Campaign launched to tackle begging in Darlington

The 700 Club, Darlington Borough Council and Durham Constabulary have teamed up to launch a new campaign to tackle begging in the town.

The 700 Club, Darlington Borough Council and Durham Constabulary have teamed up to launch a new campaign to tackle begging in the town.

The “Have a Heart, Give Smart” campaign has been set up to encourage members of the public to give to charity, rather than to those who beg.

There are a number of beggars on the streets of Darlington, but rarely are any of them genuinely homeless.

A number are also known to come from other parts of the region to take advantage of what has become a lucrative trade, often to feed drug or alcohol dependencies.

To raise awareness of this issue, posters will be put up in begging hotspots around the town with the message: “Have a heart, give smart’.”

John Elliston, from the 700 Club, explained: “People beg for a variety of reasons and our experience in Darlington is that homelessness is rarely the driver, while begging to feed an addiction is common.

“Others beg to pay rent or bills, and sadly some are motivated by greed.”

He continued: “However, giving money to those who beg does nothing to tackle the problems they may be facing, and in some cases that act of kindness can prove fatal.

“So we’re urging people not to give to individuals on the street, and to do something more positive by supporting the agencies that are working together to help them.”

Have A Heart, Give Smart
From left to right: Marion Ogle (Town Centre Partnership and Events Manager, DBC), Graham Hall (Head of Community Safety, DBC), Anna Willey (ASB & Civic Enforcement Manager, DBC), John Elliston (700 Club), Insp Chris Knox (Durham Constabulary), Cllr Helen Crumbie (Cabinet member for Community Safety, DBC), Tony Beck (Recovery Lead, NECA) and Janette McMain (Housing Options & Lifeline Services Manager, DBC)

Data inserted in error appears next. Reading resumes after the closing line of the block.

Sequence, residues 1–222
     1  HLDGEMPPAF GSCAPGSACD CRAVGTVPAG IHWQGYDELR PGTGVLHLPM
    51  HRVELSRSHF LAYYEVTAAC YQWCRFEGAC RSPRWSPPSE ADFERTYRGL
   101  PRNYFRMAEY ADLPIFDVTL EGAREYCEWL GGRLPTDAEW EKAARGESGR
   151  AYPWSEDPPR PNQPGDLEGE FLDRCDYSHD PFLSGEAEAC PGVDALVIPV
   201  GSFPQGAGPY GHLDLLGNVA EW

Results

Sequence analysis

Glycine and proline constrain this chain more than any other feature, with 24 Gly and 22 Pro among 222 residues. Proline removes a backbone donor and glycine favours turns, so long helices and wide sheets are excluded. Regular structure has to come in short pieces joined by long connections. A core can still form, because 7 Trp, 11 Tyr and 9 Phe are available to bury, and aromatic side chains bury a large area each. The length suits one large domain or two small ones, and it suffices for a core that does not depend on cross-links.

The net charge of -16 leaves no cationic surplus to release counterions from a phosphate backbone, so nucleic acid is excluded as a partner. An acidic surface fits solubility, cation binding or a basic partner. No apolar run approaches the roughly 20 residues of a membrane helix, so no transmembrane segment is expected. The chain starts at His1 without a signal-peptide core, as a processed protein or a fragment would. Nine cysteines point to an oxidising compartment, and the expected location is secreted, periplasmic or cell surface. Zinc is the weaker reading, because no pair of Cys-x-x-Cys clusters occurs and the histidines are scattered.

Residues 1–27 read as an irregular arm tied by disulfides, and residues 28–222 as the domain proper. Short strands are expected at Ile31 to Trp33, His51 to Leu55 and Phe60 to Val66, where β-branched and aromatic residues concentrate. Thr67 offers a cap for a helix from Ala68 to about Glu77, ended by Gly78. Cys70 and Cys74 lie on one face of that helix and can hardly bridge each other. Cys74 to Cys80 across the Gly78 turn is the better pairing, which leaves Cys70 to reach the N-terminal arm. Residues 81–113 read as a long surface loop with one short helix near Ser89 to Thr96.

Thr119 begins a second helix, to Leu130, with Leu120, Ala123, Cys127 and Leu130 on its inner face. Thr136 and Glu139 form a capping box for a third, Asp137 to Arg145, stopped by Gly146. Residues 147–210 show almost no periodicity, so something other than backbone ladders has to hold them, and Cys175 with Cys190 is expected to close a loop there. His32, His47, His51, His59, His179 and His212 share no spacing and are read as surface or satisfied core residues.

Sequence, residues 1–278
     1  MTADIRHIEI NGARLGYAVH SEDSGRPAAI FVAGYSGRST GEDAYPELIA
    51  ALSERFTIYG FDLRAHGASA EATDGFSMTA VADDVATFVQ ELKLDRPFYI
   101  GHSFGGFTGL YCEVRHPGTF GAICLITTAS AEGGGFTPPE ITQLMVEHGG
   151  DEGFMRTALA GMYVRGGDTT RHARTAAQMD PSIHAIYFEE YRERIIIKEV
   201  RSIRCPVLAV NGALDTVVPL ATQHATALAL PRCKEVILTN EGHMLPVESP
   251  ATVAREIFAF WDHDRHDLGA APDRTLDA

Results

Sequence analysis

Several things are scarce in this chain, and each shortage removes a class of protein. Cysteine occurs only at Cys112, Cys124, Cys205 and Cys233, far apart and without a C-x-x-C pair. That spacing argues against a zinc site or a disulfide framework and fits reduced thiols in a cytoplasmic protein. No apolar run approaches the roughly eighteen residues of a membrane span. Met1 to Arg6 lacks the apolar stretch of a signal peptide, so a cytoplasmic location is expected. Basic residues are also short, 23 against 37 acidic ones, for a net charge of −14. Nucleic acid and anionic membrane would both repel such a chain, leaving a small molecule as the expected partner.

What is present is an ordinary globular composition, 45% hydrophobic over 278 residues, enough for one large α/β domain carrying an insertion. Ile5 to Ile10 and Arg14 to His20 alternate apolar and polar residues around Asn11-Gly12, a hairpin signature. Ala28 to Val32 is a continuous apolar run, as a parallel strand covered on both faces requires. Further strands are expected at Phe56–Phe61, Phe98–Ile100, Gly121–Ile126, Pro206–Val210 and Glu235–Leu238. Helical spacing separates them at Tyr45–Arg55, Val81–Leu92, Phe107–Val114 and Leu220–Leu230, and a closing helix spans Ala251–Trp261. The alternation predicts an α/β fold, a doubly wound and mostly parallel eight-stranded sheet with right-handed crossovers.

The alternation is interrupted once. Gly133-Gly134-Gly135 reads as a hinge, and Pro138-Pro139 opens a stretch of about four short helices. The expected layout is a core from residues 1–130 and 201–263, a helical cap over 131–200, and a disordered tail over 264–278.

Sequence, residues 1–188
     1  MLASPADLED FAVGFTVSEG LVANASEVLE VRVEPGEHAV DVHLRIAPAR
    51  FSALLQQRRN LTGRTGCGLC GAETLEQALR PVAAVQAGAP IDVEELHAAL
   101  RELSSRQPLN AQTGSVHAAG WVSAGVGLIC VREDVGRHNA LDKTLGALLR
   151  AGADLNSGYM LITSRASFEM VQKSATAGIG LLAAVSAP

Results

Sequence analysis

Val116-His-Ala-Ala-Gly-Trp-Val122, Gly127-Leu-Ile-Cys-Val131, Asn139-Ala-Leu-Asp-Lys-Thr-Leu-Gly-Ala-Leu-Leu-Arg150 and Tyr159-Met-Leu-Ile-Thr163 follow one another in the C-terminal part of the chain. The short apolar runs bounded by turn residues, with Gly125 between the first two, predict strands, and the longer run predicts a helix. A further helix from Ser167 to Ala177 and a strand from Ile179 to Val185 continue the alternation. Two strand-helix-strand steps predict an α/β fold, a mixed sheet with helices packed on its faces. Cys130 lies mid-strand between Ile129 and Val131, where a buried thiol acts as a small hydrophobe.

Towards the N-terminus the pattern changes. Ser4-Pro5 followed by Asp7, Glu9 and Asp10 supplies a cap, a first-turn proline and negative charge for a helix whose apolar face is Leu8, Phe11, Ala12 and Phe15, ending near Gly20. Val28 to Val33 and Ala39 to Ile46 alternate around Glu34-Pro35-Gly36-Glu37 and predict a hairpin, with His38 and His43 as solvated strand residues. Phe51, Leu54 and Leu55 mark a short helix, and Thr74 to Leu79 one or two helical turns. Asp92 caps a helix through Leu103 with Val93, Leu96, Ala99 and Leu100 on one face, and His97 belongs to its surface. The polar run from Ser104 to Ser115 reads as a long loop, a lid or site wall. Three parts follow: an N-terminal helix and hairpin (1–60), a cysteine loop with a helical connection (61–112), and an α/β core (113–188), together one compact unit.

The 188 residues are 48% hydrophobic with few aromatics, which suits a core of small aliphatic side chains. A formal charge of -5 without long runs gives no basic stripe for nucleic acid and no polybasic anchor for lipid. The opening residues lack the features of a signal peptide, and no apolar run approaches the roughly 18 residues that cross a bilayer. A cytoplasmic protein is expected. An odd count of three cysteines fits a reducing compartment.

Councillor Helen Crumbie, Darlington Borough Council’s cabinet member for community safety, said: “Our Housing Options Team and community safety staff work in close partnership with voluntary agencies and as a result we know that no-one needs to be on the street in Darlington.

“If someone does find themselves in that position, the help is there.

“I understand that people want to help those who they see struggling in difficult conditions, but handing money to someone begging is not the way to do that.

“If you do want to help financially, remember the ‘Have a heart, give smart’ campaign and donate to a relevant charity.”

Inspector Chris Knox, from Durham Constabulary, said: “It is human nature to want to help and think that by giving money to beggars you are showing compassion to those who appear to be living on the street.

“But the stark reality is that your compassion does more harm than good.

“Many of those who beg have drug or alcohol dependencies – your money is funding that habit, undermining professional services already being provided.

“Every beggar in Darlington is known and is spoken to regularly by either ourselves, the local authority or integrated voluntary agencies.

“We have the services to support those who are sleeping rough and in need.”

He added: “Through this campaign, we aim to explain to people that giving money to those who beg is not the best way to help them.

“If people wish to give, they should donate to a charity like the 700 Club instead. That way they can be sure their money will directly, and properly help those who need it.”

For more information about the 700 Club and how to donate, visit their website.

If you are homeless, or worried about someone who is, call Darlington Borough Council on 01325 405333 (from Monday to Friday 9am to 4pm) or Streetlink on 0300 500 0914.

Further details about homelessness in Darlington can be found on the Darlington Borough Council website.

Source: Darlington Borough Council